Yet despite the scale of these urban, youth-led, climate protests, we know little about the factors influencing youth participation, beyond a European, North American, and Australasian context. This lack of global research in diverse cities is concerning, especially at a time when young people from the global South and Indigenous communities are expressing dissent about the “racist” and “colonial” structures underpinning an often “white-dominated” climate movement (Grosse and Mark, 2020; MacKenzie, 2021; Ritchie, 2021). Increasing concern has been expressed that climate strike narratives have been dominated by “mainly white, middle-class and privileged” youth (Pickard et al., 2020, p.273). Media and discourse analysis suggests for example that the authority and claims of young African climate activists are regularly undermined in news reporting (Rafaely and Barnes, 2020), and that international climate conferences regularly advance generic (Euro-centric) “youth” concerns in ways that obfuscate climate risks faced by Indigenous youth, or young people of color, and those representing minority communities including disabled (Bullon-Cassis, 2021).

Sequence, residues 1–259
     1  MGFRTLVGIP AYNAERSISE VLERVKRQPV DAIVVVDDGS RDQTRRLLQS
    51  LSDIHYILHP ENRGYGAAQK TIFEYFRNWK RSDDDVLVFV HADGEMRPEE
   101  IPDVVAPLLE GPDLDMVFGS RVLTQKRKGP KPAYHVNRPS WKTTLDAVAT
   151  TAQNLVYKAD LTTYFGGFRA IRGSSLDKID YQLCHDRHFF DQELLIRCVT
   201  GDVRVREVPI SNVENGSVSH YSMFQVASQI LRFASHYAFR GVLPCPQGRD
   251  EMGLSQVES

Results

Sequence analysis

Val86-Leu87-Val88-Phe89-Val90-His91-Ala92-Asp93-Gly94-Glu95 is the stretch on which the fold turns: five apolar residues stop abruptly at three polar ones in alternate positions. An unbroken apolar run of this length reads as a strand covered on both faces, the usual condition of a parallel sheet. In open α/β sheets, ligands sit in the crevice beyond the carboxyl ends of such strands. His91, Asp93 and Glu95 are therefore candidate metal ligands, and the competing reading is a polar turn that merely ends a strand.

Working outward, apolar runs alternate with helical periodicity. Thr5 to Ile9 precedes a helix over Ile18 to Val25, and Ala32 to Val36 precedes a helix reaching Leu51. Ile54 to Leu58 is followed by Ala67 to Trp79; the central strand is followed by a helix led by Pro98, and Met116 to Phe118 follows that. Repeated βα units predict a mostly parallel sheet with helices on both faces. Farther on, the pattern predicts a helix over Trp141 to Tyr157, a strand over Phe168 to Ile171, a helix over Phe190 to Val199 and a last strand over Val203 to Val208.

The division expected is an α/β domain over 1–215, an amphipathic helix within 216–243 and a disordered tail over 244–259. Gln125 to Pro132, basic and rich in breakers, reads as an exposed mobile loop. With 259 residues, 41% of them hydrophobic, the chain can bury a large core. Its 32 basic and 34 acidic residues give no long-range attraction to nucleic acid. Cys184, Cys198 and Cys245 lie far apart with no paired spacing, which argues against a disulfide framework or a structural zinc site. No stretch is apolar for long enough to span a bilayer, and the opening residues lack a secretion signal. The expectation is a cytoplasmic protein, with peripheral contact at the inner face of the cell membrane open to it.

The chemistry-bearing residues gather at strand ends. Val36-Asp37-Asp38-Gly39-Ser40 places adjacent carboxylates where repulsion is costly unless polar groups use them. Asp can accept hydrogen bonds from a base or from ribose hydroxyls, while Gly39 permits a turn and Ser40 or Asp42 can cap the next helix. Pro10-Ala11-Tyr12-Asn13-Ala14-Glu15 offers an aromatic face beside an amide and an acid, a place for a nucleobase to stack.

Studies that have interrogated broad factors that influence youth engagement in political protest suggest that availability (both biographical and structural), political engagement and biospheric values have significant influence on youth participation in protests in general, although most studies of the influence of these factors have been undertaken in the global North (Martyn and Dimitra, 2019). Given the lack of youth climate-protest studies in diverse cultural contexts, and concern about the lack of North-South collaborations in political engagement research more generally (Tam and Milfont, 2020), this exploratory study focused initially on two questions in a research partnership across seven world cities. First, does availability (biographical and structural), political efficacy, and support for biospheric values, influence participation in climate protest across a diverse urban sample? Second, are there differences across cities in young climate protesters reasons for striking or their sense of agency?